Are you a start-up or IT&C company? Are you ready to apply for the EU Cyber Security Certificate? Do you know that without this Certificate you will not be able to sell an ICT product in the EU? … in the near future
If until 2023 the Cyber Security regulations targeted only key companies (corporations and companies with a large socio-economic NIS impact), starting from 2024 according to the Cyber Resilience Act we expect the regulation of the entire IT&C market (manufacturers, importers, and distributors of hardware and software).
The EU establishes uniform cyber security standards and imposes the obligation to obtain accreditation, which gives the right to sell hardware and software products connected directly or indirectly to the Internet.
The purpose of this initiative is to protect EU users from security flaws in the production and maintenance stage of software and hardware products.
For your company to be considered resilient from a Cyber perspective, we advise you to implement a Cyber Security Policy, that aims at strategies, procedures, techniques, and clear tools for evaluation, monitoring, and testing throughout the life of the product: concept, production, testing, implementation, commercialization, use, update, maintenance, uninstallation/termination.
Stage 1 | Concept
How do you design your product?
This is the moment when we recommend you to build your Cyber Security Policy taking into account every stage of development and technical detail of the product.
This Policy will be communicated and applied by all members of the development team and it will also be the one that will help you obtain the CE cyber accreditation for your product.
Stage 2 | Product development
How do you ensure and verify security and latest updates for:
1. a work device on which the code is generated
2. the applications used and their licenses
3. the development of code resistant to injections SQL, XSS, CSRF, etc.. See also Top OWASP
4. the servers where the code is stored
5. code integration with other algorithms and industry tools. Third-party policy and OSINT
6. code share techniques and platforms used between members of the development team
7. devices, tools, and the in-house scanning and testing team. Opt for RPA.
8. the behavior and ethics of the employees from the development and testing team. See also the current SecDevOps approach
9. installing/uninstalling the code on your hardware product
10. IP policy
Stage 3 | Testing the product on the market
Where does your product run? What are the vulnerabilities specific to the runtime environment? What cyber measures do you implement?
If you are a B2B, the market for you is the client’s intranet and the internet.
If you are a B2C or deliver for a B2C, the market is the internet and the devices of individual customers.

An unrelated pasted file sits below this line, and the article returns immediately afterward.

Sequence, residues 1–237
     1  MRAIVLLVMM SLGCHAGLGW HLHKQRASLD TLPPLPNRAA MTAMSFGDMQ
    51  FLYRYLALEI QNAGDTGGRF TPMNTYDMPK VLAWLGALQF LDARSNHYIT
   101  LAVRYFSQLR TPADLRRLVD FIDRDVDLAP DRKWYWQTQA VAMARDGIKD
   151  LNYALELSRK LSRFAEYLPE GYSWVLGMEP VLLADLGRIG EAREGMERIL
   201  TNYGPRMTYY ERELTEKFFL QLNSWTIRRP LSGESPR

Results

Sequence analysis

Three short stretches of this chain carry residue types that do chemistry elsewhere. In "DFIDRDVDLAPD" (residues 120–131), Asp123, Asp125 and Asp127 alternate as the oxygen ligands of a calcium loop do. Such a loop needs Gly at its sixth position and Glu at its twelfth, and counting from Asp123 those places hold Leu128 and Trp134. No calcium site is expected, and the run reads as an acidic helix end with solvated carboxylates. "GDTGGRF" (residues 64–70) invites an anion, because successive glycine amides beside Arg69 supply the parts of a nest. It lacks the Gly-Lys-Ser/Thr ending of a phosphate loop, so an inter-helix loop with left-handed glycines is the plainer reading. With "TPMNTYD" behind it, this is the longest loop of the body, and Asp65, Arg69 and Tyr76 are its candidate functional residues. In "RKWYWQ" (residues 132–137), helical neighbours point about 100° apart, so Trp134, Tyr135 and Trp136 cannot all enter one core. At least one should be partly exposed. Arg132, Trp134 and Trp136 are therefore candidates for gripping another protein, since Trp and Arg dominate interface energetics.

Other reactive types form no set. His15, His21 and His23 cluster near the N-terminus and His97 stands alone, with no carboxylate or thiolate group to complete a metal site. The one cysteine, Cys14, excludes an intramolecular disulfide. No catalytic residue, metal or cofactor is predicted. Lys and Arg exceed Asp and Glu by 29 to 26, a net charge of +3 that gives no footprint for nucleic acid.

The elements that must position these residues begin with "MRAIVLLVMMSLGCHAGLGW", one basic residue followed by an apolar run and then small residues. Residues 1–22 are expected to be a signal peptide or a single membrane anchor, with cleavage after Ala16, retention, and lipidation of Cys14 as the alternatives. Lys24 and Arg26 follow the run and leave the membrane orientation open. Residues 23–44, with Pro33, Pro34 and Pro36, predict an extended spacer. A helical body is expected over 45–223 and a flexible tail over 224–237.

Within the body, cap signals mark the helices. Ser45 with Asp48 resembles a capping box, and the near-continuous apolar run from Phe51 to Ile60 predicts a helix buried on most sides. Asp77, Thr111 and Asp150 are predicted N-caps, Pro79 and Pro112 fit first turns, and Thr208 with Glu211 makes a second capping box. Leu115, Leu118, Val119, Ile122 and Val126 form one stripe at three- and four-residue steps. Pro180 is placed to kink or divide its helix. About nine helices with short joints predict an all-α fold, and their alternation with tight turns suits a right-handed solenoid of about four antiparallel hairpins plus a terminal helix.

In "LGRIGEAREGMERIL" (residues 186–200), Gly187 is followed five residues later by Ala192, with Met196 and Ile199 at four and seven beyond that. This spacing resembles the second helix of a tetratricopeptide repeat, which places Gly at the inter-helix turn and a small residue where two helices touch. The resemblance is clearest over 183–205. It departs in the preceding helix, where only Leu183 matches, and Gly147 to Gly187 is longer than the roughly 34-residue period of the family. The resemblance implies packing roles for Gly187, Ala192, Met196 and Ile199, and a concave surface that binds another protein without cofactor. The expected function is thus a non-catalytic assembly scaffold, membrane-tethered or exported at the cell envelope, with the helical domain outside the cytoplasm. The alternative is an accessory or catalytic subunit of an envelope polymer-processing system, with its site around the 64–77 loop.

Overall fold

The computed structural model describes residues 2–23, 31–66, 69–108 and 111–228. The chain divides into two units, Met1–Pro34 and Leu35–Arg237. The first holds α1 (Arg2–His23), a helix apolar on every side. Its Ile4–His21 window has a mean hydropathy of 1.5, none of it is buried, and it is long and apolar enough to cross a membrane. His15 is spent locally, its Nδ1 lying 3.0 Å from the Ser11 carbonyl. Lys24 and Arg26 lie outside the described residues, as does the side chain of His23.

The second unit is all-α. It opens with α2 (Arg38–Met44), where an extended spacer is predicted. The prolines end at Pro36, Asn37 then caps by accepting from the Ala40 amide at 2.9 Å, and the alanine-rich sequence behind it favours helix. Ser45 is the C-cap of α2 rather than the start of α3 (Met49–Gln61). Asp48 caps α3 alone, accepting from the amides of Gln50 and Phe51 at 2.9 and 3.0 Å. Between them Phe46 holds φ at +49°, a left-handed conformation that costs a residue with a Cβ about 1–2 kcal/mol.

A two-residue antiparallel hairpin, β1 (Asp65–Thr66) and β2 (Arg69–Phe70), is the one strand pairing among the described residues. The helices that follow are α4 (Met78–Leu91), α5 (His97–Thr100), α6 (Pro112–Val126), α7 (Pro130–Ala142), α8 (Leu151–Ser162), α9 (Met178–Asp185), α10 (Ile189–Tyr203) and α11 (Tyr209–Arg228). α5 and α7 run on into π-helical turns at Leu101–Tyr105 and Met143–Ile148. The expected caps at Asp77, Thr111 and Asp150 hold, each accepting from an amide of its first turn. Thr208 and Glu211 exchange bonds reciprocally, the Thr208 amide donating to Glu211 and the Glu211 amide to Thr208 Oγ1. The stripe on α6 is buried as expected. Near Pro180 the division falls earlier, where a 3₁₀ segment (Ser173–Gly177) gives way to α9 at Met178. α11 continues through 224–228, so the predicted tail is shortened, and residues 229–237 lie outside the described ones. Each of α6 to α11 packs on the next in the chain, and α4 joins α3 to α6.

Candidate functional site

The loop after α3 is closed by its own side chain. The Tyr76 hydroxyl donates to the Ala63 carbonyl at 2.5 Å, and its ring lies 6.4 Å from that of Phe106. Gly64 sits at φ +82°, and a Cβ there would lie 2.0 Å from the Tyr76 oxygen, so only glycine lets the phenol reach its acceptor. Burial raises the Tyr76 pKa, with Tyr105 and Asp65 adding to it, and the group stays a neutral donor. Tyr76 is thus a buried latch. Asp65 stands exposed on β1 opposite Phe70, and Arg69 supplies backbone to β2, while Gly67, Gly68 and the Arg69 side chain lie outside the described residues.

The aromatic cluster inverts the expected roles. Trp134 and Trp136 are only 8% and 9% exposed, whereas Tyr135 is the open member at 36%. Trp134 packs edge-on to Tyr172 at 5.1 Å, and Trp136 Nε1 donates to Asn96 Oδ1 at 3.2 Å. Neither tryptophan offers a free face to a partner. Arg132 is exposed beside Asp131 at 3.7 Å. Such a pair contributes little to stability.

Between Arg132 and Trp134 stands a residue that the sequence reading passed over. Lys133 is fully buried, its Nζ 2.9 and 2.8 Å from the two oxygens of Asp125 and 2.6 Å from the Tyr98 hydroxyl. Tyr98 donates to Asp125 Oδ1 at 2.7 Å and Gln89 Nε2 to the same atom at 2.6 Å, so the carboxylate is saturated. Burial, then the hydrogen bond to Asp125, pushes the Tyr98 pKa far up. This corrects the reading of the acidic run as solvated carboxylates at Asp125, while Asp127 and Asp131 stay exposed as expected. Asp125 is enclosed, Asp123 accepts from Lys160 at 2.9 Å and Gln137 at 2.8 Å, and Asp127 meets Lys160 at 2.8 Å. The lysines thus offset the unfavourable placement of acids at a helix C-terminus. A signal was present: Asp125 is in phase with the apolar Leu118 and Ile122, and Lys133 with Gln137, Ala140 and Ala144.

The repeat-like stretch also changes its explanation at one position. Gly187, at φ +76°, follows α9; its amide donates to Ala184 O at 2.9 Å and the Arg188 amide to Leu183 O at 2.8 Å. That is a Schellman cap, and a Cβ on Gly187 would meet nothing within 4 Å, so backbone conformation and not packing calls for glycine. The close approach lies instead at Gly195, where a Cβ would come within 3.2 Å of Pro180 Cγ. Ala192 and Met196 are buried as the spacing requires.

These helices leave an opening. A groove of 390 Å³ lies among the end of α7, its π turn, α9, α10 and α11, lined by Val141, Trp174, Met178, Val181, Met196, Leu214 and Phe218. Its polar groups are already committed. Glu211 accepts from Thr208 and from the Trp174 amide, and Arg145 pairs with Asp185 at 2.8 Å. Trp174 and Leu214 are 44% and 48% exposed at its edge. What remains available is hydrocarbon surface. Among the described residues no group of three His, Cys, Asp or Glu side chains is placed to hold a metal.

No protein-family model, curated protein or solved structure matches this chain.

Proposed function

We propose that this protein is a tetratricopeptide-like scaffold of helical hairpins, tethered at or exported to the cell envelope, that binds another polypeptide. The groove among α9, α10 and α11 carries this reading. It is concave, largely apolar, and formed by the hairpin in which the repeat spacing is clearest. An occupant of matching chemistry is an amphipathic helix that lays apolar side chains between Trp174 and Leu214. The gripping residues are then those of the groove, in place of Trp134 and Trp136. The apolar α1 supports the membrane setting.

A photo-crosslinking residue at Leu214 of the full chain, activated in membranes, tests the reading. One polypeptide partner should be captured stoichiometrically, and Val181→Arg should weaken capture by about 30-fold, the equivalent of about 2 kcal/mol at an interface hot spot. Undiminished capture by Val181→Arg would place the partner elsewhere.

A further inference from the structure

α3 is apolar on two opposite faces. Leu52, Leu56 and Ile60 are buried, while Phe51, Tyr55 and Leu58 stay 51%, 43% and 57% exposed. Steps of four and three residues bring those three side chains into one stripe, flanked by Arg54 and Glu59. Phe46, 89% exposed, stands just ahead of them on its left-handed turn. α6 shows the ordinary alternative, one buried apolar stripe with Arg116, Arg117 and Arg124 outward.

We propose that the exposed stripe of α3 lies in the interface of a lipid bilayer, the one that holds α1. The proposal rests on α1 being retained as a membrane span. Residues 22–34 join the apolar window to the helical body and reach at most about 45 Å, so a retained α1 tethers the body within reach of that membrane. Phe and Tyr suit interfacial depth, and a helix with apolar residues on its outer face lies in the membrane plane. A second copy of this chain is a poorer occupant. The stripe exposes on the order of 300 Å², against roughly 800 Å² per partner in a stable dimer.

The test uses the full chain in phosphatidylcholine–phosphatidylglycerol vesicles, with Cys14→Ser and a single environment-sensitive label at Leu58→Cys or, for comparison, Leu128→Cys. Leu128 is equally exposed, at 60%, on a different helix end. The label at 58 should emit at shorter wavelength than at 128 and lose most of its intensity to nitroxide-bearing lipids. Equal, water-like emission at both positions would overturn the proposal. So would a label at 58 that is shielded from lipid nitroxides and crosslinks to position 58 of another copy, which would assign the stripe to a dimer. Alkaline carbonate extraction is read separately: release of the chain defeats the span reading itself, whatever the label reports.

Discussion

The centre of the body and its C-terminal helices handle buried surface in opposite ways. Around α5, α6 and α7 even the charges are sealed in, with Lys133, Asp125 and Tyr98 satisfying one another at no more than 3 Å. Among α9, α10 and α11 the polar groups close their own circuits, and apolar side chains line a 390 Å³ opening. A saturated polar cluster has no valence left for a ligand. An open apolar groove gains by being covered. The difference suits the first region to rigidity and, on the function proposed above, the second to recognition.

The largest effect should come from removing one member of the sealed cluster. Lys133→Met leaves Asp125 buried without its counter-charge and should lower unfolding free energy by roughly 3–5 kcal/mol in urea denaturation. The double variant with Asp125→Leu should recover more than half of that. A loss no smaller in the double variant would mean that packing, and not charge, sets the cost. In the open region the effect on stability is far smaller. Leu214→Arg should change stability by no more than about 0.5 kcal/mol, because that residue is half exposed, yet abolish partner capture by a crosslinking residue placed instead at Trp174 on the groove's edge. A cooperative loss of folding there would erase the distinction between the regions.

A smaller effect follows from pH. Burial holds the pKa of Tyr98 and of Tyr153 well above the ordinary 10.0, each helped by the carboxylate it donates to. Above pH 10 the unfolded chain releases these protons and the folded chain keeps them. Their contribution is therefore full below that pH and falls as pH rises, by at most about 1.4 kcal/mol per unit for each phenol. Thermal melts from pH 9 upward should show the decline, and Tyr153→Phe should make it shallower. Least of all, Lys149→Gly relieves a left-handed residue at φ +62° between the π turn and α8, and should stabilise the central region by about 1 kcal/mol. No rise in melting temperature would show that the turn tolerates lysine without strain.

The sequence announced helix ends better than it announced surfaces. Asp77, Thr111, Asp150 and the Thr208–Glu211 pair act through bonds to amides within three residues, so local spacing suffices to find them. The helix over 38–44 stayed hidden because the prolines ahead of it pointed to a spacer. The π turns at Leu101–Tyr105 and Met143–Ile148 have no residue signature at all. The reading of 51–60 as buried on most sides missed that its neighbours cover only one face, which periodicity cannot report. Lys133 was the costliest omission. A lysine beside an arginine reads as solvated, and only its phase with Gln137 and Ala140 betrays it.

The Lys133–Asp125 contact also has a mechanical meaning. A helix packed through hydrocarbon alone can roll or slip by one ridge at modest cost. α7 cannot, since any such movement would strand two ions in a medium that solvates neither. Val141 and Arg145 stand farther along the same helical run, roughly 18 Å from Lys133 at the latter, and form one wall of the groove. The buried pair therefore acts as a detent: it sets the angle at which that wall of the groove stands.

Stage 4 | Installation and use of the product at the customer
Are you technically, legally, and cyber-prepared to sell the product on the market?
Most start-ups are only now becoming aware and addressing cyber security issues under the pressure of some client demands.
This is also the moment when, within a maximum of 36 months from the entry into force of the Cyber Resilience Act, your company will have to accredit its product from a cyber point of view and receive the CE digital mark, for the right to market the product within the European space.
If you built your Cyber Security Policy at Stage 1, now you will use that documentation to obtain the CE cyber accreditation.
Stage 5 | Update & maintenance & upgrade
Is the update as cyber-resilient as the product? Are you prepared for maintenance in case of a cyber incident? Is your product compatible with new technologies?
We recommend that you include clear procedures for updating, maintaining, upgrading, and resolving security incidents within your Cyber Policy.
Given the development of new technologies (IoT, AI, blockchain, quantum computing, metaverse) and devices, don’t forget that something could go wrong on the cyber side of your product.
That’s why it is important to prepare in advance a procedure for incident alerts and ad-hoc maintenance and stay up to date with the technologies that will follow.
Stage 6 | Uninstallation & termination
How do you ensure your internal and your product’s security after the termination of the contract? What security guarantees do you offer the client after your legal collaboration has ended?
We recommend that you have the following chapter in the contract with your clients “Uninstallation policy and cyber security” through which you can receive and provide security guarantees for at least 1-2 years after the termination of the contract.
Probably, having read the article up to this point, you have already realized how important a Cyber Security Policy is, even if you have a start-up in the early stages (pre-seed or seed).
What happens if we do NOT have the CE accreditation?
1. we are legally vulnerable to cyber incidents (product, company, and distribution chain)
2. we lose customers
3. we receive fines
4. the product may be banned on the EU market
5. we cannot participate in auctions
6. we are not eligible for investors
7. the too late implementation of cyber procedures could be more expensive in terms of time, money, and human effort, and the final result may only be satisfactory.
So we can conclude that without an adequate Cyber Security Policy implemented on time, our work and financial and human investment can be dynamited exactly at a moment when our business is preparing to scale.
What can we do if we already have a product for which we have not applied any Cyber Policy so far?
Regarding this case, which is very frequent, we will come back in a future article.